• The downward pressure on commissions continues to rise
  • New technologies and models are designed to undermine brokers

I have written many times about the steps brokers can take to build company dollars and profits, which generally requires a change in broker strategy and direction. It also involves an investment in resources that require capital from the broker / owner. Changing direction and putting time and financial commitment into their business is the path few choose.

Instead, many small and medium-sized business brokers today choose to remain producers because it worked well for them. They work with buyers and sellers because they enjoy it, and often they don’t really make a lot of money mediating – their profit comes from acting as a broker.

The problem arises when the owner is ready for a personal change. Maybe they want to slow down; maybe even cash out by selling or merging their firms, and then it becomes important to determine the market value of their brokerage business. The income statement and the real profits determine the market value of the company. When reviewing financial data, we often find that when the brokerage commissions are included but shown as profit, the company’s profits decrease once they are adjusted to reality or, as is often the case, actually lose money.

When determining the true profitability of the owner’s production, several questions are raised:

  • How are the owner’s commissions reported in the financial data?
  • Does the owner pay the same split as a comparable broker?
  • What Are The Company’s Real Dollar And Profits After The Owner’s Compensation Is Adjusted?
  • What would the replacement costs be for management?

A case study:

We were keen to acquire a seemingly profitable Southeastern brokerage company run by a dynamic and active broker / owner. The financial metrics came as quite a surprise, however. The company had the highest dollar and profit share in real estate brokerage history. But … closer inspection revealed that the reason for the massive profits was because the owner, who was the top producer by a significant amount, hadn’t paid himself any commissions – none, nada, zero. The result was an artificially high corporate dollar and a profit margin that exceeded anything I have ever seen. Of course, the owner’s asking price was also based on this very high net profit.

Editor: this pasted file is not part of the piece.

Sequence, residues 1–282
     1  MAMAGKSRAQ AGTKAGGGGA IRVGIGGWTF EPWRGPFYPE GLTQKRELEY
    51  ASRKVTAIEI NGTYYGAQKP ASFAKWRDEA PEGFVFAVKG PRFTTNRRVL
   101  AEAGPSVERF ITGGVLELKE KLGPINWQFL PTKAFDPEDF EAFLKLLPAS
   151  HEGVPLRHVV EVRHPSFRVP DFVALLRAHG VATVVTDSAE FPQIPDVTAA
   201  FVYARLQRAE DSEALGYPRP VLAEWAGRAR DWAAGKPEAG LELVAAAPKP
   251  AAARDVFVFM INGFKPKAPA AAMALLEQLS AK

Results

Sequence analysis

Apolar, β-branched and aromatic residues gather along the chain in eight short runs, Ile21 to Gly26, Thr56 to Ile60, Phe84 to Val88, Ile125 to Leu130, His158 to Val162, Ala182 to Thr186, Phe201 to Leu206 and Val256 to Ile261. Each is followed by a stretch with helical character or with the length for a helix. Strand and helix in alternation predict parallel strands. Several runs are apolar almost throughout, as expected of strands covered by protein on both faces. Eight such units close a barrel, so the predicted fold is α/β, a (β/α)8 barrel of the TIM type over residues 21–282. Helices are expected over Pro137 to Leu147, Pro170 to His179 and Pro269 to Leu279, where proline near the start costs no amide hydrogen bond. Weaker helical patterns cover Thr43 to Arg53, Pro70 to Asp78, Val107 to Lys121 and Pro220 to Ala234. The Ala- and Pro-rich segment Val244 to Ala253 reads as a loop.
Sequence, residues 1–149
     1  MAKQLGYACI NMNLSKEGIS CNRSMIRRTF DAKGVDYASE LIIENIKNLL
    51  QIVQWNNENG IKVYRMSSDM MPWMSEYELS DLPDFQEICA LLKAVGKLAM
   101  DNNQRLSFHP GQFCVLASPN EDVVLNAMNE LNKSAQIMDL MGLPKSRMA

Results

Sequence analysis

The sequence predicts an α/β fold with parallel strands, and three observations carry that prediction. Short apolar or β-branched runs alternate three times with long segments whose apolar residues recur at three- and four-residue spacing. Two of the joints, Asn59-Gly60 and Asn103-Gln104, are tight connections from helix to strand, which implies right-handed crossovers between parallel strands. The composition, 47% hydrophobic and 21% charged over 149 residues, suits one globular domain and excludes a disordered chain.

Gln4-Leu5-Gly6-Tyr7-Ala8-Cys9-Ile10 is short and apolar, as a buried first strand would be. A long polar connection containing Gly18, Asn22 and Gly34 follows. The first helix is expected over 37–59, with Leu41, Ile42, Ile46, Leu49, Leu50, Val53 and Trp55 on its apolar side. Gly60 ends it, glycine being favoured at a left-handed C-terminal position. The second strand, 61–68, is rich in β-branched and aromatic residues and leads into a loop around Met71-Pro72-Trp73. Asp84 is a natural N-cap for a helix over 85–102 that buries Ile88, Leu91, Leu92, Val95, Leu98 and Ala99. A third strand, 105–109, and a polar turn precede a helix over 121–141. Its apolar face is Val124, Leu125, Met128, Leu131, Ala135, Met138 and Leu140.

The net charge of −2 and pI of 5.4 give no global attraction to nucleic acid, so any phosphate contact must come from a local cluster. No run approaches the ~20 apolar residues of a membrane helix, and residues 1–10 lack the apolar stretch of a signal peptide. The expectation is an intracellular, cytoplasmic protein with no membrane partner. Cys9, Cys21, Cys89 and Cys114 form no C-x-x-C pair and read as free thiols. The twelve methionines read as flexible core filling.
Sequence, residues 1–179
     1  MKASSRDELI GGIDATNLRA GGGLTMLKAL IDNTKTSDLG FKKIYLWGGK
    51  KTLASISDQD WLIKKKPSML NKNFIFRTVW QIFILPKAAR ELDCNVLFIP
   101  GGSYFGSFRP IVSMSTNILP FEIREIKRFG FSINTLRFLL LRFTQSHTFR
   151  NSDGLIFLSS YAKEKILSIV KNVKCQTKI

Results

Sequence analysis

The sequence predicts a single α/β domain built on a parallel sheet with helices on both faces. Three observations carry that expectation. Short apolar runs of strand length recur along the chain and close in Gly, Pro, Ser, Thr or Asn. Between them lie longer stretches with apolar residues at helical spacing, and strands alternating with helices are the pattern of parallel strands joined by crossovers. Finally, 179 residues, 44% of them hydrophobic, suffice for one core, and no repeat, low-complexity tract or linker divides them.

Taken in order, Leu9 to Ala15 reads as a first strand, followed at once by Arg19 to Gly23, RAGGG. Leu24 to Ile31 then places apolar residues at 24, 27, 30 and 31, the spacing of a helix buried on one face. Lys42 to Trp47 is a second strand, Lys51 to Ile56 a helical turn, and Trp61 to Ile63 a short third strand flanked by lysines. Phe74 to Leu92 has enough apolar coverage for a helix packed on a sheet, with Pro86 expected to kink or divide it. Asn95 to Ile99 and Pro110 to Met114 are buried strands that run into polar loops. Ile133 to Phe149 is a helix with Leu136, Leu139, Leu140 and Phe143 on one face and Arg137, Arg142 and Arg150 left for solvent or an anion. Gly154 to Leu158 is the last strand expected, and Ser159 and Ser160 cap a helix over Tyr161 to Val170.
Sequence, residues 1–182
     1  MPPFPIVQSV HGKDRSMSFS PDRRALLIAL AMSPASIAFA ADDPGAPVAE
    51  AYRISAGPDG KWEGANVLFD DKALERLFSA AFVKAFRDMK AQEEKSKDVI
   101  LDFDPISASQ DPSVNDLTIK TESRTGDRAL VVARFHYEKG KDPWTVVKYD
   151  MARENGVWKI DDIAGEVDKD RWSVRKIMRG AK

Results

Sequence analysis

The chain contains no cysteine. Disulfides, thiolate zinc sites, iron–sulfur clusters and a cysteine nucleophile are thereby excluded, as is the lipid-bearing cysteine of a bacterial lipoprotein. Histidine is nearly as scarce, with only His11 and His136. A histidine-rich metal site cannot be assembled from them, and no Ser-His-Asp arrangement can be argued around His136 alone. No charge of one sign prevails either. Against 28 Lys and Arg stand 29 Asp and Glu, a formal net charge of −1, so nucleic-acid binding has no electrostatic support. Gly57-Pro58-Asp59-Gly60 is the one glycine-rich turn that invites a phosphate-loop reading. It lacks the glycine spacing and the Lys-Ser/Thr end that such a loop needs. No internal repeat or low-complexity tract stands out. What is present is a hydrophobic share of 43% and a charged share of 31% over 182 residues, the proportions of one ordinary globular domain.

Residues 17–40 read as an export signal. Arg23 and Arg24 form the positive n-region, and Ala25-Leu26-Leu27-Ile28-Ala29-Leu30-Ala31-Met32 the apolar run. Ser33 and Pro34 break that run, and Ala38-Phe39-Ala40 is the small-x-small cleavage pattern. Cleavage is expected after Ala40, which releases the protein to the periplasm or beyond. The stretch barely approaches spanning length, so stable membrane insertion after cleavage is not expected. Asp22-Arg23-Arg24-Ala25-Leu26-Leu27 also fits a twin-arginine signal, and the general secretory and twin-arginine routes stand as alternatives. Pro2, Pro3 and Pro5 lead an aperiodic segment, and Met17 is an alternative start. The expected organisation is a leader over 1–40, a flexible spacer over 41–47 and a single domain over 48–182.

After considering a real commission structure and adjusting the income for the unpaid commissions, it became clear that the owner was subsidizing the company with his commissions. In fact, the agents did not even cover overhead costs, and without the owner’s personal financial contribution, the company lost significant revenues. Unfortunately, we couldn’t justify the purchase.

Does this mean the market is grim for those thinking of selling small to medium sized brokers? Not at all, but very actively, because top companies often pay a premium in order to establish themselves in a market or to increase their existing market share. There are also ways to structure the transaction that make sense for everyone. One of the most important steps a broker / owner must take when considering a sale in the near future is to invest in good accounting records that clearly document income, expenses, and real profitability.

I’ve found over the years that documentation is one of the top deal killers for brokers looking to cash out.

If you want to learn more and find out what a review looks like for your business, click here to contact Rick Ellis today.

Documentation is one of the top deal killers for brokers looking to cash out

Rick has an MBA in Digital Technology and is a licensed real estate agent. He is a business growth advisor and a regular speaker at real estate events. Rick and his wife live on the Georgia coast on St. Simons Island. He is available to advise with brokers looking for options.

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LarrainVial, DaGrosa Capital Invest in Miami Real Estate Firms

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(LR) Joseph DaGrosa and Craig Studnicky with Jorge Escobar and Camilo Lopez (iStock, DaGrosa Capital, ISG World, TSG / Black Salmon)

Two financial firms acquired stakes in real estate companies in South Florida as the region continues to attract significant investment.

LarrainVial, a Chile-based asset manager, has each acquired a 33 percent stake in Black Salmon and TSG, a Coral Gables-based investment company and commercial property developer, both led by managing partners Camilo Lopez and Jorge Escobar. The transaction marks the first US expansion for LarrainVial, which has more than $ 28 billion in total assets under management.

In an independent deal, DaGrosa Capital Partners invested in the Aventura-based ISG World of broker Craig Studnicky. Studnicky said he will retain the majority of his ownership in the real estate company and will remain its CEO. Both companies declined to announce the terms of the deal.

DaGrosa, a Miami-based private equity firm, is led by founder and chairman Joseph DaGrosa Jr. ISG will use the new capital to strengthen its infrastructure and expand in South Florida, Latin America and elsewhere, Studnicky said.